The antithesis to hulking full-tower computers are mini PCs, like Intel's NUC and Zotac's range of Zbox machines. They're small enough to fit on top of a desk, or in an entertainment center, without sticking out. Then there's the LarkBox, a PC that's so small you could cram it into your pocket or hold it in the palm of your hand, and it's even capable of outputting at 4K.
This is the basis for the claim that it is the "world's smallest 4K mini PC," as Chinese manufacturer Chuwi advertises on the LarkBox's Indiegogo page (opens in new tab). It measures around 2.4 x 2.4 x 1.7 inches. It is a different form factor than Intel's Compute Stick, which measures 4.06 x 1.46 x 0.47 inches and can also output at 4K, so I won't nitpick the claim.
The LarkBox is an intriguing system powered by an Intel Celeron J4115 processor, 6GB of LPDDR4 RAM, and 128GB of eMMC storage. There's also an M.2 slot underneath the hood to upgrade the storage with a bigger and faster SSD, if desired.
Interestingly, Intel does not list the Celeron J4415 on its website, but it is a quad-core chip with a 1.8GHz base clock and 2.4GHz boost clock, and UHD 600 graphics.
Connectivity is fairly robust—the LarkBox boasts a pair of USB 3.0 ports, a USB Type-C port, an HDMI port, a 3.5mm audio jack, and a microSD card slot. On the wireless side, it also has onboard Wi-Fi 5 (802.11ac) and Bluetooth 5 connectivity.
Early Pricing on Indiegogo is set at $155, and apparently this will retail for $199 when it releases in August. That puts it well above something like the Raspberry Pi, but is pretty cheap for a x86 PC. At the risk of eliciting groans, at that price, I'd buy this on a lark, if I thought I'd use it.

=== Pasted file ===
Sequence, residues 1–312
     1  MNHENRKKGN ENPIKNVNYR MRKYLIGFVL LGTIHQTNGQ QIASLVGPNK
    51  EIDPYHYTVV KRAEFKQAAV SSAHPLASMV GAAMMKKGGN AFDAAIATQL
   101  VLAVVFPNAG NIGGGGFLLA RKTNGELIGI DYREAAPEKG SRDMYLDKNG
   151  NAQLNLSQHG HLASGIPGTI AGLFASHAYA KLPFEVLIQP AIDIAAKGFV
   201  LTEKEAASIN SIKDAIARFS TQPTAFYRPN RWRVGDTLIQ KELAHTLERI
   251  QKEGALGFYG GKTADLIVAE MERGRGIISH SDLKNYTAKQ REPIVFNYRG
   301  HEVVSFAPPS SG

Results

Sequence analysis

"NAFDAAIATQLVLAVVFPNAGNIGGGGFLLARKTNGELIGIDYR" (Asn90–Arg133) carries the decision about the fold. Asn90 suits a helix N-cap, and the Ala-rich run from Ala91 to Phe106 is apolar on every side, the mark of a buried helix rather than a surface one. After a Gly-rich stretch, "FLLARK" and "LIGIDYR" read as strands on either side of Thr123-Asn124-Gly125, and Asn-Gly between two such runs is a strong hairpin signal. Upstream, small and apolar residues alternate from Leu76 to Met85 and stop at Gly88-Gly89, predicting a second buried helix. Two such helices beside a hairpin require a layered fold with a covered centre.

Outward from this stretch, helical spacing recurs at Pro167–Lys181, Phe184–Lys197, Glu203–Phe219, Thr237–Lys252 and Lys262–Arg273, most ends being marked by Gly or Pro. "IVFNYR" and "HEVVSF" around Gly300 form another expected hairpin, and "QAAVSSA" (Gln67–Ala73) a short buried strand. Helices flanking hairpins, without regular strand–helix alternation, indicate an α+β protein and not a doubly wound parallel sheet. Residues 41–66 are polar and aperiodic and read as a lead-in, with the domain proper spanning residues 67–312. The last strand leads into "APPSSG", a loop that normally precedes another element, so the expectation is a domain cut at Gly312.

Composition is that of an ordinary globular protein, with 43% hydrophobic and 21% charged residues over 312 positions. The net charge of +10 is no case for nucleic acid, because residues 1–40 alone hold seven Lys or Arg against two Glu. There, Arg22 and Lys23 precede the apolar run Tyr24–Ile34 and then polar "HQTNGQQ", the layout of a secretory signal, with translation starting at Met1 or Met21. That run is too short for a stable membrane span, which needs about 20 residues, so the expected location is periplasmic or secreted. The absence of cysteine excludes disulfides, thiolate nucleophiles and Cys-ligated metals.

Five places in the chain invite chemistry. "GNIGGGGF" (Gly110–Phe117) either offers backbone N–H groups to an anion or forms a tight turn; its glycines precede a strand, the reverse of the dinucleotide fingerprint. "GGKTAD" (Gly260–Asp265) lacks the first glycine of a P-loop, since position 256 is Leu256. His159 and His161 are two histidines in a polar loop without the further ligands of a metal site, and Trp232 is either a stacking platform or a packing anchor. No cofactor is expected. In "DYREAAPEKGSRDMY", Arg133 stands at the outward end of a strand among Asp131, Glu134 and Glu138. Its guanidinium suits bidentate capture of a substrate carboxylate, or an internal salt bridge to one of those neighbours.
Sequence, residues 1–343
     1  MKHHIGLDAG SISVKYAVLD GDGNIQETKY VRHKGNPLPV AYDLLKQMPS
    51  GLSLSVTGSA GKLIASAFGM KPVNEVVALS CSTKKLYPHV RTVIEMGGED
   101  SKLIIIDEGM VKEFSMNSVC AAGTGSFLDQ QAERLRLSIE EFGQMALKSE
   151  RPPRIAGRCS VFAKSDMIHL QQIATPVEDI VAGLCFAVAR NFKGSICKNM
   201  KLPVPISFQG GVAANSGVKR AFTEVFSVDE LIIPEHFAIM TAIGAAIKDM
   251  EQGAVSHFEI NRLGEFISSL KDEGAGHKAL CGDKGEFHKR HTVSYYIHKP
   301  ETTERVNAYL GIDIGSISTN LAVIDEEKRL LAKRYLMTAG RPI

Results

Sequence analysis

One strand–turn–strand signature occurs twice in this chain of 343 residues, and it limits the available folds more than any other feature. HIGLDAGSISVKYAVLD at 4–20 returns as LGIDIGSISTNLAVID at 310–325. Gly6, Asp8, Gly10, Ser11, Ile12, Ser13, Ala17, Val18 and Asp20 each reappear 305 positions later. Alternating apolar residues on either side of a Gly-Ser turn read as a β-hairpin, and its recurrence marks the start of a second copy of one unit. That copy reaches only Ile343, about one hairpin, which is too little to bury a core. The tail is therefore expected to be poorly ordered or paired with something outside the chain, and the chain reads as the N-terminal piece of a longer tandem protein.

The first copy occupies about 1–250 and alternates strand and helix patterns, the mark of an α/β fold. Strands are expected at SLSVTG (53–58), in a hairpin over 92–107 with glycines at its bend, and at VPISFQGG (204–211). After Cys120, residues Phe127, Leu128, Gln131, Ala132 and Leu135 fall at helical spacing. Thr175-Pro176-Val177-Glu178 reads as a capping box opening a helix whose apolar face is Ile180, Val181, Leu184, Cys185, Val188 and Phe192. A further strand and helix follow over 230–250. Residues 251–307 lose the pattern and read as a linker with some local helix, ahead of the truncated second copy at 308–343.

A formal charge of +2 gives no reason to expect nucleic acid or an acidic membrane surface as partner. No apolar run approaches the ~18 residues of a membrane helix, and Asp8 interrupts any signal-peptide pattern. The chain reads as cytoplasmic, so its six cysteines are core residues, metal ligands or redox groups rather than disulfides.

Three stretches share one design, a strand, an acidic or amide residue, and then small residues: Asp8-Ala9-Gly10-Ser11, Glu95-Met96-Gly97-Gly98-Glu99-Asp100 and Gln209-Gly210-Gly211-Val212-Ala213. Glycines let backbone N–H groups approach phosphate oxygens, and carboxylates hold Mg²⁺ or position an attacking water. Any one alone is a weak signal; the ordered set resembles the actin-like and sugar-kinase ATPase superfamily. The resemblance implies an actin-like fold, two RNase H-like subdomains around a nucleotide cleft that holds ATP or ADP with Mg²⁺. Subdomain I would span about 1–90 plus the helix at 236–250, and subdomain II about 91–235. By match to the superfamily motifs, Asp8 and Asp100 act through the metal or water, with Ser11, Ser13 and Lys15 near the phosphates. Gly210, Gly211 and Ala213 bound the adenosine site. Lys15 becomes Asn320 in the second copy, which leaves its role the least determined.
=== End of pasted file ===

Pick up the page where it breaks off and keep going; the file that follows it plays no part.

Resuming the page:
This raises the question, what exactly could you use it for? It's a niche product for sure, though I could see it being used as a laptop replacement, media server, or lightweight retro gaming emulator. To that latter point, Taki Udon on YouTube posted a 12-minute video showcasing how it handles different emulation tasks, including NES, SNES, N64, PS1, Dreamcast, PSP, and several others. He also managed to get the LarkBox to run DMC: Devil May Cry at low settings, though not at a framerate we'd really want to play it. Check it out:
Our friends at TechRadar took the LarkBox for a spin as well, and came away generally impressed.
"The Chuwi LarkBox would have been a great buy at $300, it is almost a must-have at $199. It is relatively speedy, extremely compact and surprisingly well designed. The only real issue is to find a use for it," TechRadar wrote.
It will be interesting to see if this leads to more options in the diminutive space, particularly when Intel's low-power Lakefield processors arrive.
Either way, the LarkBox is a new addition to Indiegogo. We're always wary of crowdfunding projects, but given that some prototypes have already gone out, we're cautiously optimistic these units will actually ship this summer.